Missouri River Pollution Response Update

ST. LOUIS – The Coast Guard, in coordination with federal, state and local agencies, has received specialty boom and changed the configuration of several other lines of boom in order to more efficiently collect any oil still leaking from the towing vessel Omaha.

“Environmentally sensitive areas along the Missouri and Mississippi Rivers have been identified and appropriate protective measures continue to be deployed,” said Captain Sharon Richey, commander, Sector Upper Mississippi River.

“The Coast Guard is actively working with the vessel owner to produce a productive salvage plan to remove the vessel at the earliest opportunity,” said Richey.

The vessel owner has contracted with Okie Moore Diving and Salvage to recover the Omaha. Salvage equipment is en route from Paducah, Ky. and is scheduled to arrive on scene late today. Once the equipment and salvage team are on scene, the Coast Guard, Okie Moore Diving and Salvage, and representatives from the Omaha will meet to discuss plans for the safe recovery of the Omaha.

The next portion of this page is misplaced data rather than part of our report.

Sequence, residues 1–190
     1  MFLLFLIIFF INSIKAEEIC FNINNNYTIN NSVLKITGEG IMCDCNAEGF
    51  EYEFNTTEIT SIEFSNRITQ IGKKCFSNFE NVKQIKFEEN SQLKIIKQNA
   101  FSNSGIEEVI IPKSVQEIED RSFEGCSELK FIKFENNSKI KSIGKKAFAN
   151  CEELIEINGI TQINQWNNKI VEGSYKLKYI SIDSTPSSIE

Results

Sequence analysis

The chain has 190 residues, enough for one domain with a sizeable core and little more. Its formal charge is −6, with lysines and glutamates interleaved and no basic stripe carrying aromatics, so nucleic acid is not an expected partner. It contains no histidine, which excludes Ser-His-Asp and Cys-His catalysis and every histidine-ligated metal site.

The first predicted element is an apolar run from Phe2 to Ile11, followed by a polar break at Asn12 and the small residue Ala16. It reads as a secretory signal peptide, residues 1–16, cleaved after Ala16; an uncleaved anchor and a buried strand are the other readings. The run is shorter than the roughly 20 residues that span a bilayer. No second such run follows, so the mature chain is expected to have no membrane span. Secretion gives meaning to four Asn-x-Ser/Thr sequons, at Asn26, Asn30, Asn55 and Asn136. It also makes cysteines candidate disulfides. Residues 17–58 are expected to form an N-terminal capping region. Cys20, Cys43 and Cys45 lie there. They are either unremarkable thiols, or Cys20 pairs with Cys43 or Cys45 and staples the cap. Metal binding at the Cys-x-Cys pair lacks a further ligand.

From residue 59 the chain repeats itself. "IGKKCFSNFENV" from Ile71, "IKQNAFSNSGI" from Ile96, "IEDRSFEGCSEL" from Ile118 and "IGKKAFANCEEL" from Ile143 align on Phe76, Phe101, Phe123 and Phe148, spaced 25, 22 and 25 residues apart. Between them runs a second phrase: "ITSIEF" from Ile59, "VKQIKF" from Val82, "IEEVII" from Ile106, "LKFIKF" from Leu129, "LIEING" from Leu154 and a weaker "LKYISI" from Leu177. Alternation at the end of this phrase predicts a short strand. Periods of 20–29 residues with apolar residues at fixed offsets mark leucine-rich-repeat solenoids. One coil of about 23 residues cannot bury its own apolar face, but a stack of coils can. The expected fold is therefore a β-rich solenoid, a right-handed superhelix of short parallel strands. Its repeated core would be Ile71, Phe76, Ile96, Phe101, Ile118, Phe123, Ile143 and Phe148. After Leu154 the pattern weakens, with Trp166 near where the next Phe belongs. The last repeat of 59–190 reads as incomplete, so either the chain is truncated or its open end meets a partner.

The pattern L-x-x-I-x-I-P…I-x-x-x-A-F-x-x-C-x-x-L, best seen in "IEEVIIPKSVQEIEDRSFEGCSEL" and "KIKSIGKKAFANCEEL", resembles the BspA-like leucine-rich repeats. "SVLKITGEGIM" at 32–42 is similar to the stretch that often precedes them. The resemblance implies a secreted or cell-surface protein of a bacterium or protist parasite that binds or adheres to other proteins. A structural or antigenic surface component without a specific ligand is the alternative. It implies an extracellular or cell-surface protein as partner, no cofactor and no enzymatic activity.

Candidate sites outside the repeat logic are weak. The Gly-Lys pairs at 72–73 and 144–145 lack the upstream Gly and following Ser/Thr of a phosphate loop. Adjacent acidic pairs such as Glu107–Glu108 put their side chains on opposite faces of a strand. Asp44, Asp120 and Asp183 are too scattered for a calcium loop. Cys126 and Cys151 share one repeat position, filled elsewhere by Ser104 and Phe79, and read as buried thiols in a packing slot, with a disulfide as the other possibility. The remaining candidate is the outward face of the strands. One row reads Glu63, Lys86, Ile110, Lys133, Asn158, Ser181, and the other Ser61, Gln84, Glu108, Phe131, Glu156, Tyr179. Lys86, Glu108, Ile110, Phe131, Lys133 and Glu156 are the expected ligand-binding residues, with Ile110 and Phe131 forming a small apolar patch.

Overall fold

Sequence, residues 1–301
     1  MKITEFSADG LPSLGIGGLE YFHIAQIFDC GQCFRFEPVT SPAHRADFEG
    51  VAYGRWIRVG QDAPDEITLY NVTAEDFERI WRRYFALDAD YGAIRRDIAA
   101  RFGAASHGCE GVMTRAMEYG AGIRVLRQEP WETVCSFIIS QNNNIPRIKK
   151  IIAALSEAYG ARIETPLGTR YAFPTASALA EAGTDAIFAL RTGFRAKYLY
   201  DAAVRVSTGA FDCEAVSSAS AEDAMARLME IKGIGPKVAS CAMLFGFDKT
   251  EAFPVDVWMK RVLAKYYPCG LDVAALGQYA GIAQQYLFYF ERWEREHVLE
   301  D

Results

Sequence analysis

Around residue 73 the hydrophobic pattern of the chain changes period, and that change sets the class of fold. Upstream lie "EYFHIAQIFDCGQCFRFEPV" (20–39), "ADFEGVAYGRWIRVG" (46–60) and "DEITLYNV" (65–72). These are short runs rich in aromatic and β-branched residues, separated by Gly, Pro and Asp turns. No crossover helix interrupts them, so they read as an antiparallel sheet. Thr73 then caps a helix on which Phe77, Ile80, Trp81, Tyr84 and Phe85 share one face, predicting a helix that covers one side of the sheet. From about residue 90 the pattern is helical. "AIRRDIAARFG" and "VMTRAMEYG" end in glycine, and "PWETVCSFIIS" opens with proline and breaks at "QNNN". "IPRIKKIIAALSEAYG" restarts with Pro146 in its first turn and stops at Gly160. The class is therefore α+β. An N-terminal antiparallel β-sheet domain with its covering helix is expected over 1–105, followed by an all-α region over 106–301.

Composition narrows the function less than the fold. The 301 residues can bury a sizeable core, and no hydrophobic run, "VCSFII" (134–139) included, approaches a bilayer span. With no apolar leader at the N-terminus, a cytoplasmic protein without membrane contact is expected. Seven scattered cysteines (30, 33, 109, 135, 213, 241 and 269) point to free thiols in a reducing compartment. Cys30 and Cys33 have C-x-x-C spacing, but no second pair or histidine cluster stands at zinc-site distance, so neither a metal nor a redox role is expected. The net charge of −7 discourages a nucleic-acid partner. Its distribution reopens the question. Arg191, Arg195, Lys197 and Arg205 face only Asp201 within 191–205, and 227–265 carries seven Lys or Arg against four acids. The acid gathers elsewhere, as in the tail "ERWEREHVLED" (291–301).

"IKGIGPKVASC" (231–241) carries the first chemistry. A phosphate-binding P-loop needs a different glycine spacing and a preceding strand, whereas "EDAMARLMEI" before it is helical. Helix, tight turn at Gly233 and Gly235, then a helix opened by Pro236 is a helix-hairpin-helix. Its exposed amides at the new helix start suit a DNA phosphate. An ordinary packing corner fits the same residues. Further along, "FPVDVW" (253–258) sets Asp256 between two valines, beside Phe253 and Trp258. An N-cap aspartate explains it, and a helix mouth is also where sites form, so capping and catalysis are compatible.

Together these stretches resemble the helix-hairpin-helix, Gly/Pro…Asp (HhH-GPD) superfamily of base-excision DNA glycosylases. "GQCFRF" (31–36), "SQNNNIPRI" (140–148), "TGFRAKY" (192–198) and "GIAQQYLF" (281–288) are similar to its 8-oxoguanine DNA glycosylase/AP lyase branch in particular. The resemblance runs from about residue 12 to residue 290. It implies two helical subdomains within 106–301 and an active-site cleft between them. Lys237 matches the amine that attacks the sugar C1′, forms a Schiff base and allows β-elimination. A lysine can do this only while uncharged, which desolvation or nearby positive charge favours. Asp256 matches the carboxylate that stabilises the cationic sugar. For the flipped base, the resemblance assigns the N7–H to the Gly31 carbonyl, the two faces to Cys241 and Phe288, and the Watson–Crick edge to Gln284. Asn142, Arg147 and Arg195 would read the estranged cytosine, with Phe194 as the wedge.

A portion of the Missouri River between mile markers 10.5 and 11.7 remains closed to commercial traffic and recreational boaters are urged to exercise extreme caution in the area of the incident.

“The Coast Guard is monitoring the effect of the waterway closure on commercial traffic in order to both minimize the economic impact while allowing for safe recovery operations to proceed,” said Richey.

At approximately 2:00 a.m. Friday, May 30, the towing vessel Omaha reported to the Coast Guard that they were taking on water with 7 persons on board. In order to mitigate the risk to the crew, the vessels crew intentionally grounded the vessel along the bank of the Missouri River and used mooring lines to secure it to the shore. The crew was safely rescued and there were no reported injuries.

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